In chapters discussing the etymology of gete (ghetto), davenen and katoves, as well as a list of words proposed by Wexler as direct loans from Greek (Judeo-Greek) and a chapter on oriental words that are of non-Greek origins, Timm and Beckmann make a very strong case for following the history of a word over the centuries when trying to establish its etymology. The case of ghetto (Chapter I) shows that the original and widely accepted etymology (Venice’s “il ghetto nuovo”, the terrain where the old foundry was located and which later became the enforced Jewish quarter) is valid, but that the semantics of the word may at times and in certain contexts have been influenced by other associations (e.g. by get ‘divorce’). Proposed etymologies can be interesting phenomena in and of themselves. The chapter on katoves (Chapter III) demonstrates that the use of an expression in the early centuries of its use can offer vital information about its origins and development. For davenen (Chapter II, which also refers to the heated discussion on Mendele in 1997), Timm and Beckmann provide evidence to support the theory that davav is the most likely candidate ranging from the Torah, through Talmudic traditions, also referring to non-Masoretic Jewish as well non-Jewish interpretations, through medieval Judeo-French and Ashkenazic glossaries, the poetic style of piyyutim from the sixth to the twelfth century up to Mendele Moykher-Sforim's Hebrew version of the Vintshfingerl, Be-emek ha-bakha, via sixteenth century Yiddish texts that present Western Yiddish oren and Eastern Yiddish davenen as equivalents. The amount of evidence is impressive, but Timm and Beckmann do not hide the fact that matters are complicated, among others by an extensive gap in Hebrew lexicology (spanning most of the Early Modern Era). They write that they are not under the illusion that the evidence, although substantial, will end the discussion: facts may be unearthed that support existing alternative theories or new etymologies can still be proposed.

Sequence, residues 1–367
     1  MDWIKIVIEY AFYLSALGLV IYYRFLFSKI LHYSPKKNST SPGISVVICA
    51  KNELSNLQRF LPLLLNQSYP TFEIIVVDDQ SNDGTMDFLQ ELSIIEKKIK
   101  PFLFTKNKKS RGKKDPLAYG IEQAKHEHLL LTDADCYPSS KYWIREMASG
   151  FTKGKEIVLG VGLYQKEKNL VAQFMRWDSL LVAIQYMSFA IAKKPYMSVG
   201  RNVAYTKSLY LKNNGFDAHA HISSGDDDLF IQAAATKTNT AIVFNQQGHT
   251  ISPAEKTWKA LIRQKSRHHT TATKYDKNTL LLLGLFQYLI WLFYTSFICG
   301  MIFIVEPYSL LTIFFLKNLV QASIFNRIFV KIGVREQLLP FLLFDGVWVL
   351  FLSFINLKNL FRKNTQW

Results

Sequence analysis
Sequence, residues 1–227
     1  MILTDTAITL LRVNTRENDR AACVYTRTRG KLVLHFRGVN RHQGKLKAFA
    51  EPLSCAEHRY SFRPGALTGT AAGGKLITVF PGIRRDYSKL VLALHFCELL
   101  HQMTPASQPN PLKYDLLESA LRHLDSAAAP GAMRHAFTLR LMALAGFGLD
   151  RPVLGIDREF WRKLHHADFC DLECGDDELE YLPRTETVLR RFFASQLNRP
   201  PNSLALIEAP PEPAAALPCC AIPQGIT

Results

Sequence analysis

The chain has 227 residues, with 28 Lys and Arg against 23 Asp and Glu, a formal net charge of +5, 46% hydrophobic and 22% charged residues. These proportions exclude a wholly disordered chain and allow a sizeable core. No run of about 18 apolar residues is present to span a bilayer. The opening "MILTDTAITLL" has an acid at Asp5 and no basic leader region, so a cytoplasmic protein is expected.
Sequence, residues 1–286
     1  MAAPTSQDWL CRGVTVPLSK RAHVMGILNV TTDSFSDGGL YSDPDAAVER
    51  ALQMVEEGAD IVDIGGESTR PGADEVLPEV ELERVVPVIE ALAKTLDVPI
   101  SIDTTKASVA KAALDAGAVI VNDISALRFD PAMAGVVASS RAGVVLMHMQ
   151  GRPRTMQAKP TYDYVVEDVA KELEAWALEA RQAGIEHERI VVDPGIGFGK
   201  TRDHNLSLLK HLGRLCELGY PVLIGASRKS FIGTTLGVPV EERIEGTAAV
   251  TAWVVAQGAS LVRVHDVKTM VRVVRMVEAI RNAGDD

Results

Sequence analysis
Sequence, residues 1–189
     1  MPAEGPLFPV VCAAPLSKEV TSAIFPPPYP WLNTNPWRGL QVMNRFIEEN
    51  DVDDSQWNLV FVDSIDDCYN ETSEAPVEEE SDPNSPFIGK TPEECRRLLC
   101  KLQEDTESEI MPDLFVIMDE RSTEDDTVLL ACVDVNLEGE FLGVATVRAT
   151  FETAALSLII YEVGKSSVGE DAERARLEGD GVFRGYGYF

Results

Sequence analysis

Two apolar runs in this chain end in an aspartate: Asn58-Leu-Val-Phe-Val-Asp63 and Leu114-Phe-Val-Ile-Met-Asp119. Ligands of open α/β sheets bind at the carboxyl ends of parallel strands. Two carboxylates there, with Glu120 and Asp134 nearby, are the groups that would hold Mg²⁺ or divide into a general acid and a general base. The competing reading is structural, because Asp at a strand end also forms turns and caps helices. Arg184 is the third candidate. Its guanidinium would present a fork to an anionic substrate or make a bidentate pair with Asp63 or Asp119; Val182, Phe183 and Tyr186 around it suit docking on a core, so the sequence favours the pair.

Timm and Beckmann do not try to impress us with the breadth and depth of relevant information – and sometimes deliberately irrelevant information in order to show us with humor that surprising information that may fit at first glance cannot possibly be relevant. Although an excursion on the building of bimas in medieval Spain is of importance to understand the possibility of almemer entering Yiddish from the West and although the quest for linguistic origins of lokshn takes us as far as the Far East, these are not searches for the most exotic and exciting word origins, but for the most plausible ones.

This book defends high standards in philological research as well as the view Timm shares with her predecessors Max Weinreich and Solomon Birnbaum: Yiddish is the language of Ashkenazic Jewry and bears the traces of the underlying unity of the culture as well as significant diversity. In their final remarks “Lexik und jenseits der Lexik” (the lexicon and beyond, Chapter VI) Timm and Beckmann explicitly formulate the questions that cannot be answered by the proponents of “relexification”, the theory that Yiddish is in its core a Slavic language that has adopted a Germanic vocabulary. Those who don’t accept that Yiddish is a member of the Germanic language family cannot explain the fact that Yiddish also has a Germanic case system, Germanic verbal endings, Germanic pronouns, the Germanic auxiliary zayn, the analytical past tense, the basic numbers 1-10 etc. Timm and Beckmann side with Birnbaum, Bin-Nun and Max and Uriel Weinreich in supporting the theory of Western origins – a theory to which Timm has contributed a wealth of additional evidence in a number of her publications – and make a case for the study of the Sprachbund between (Eastern) Yiddish and Slavic languages.[12]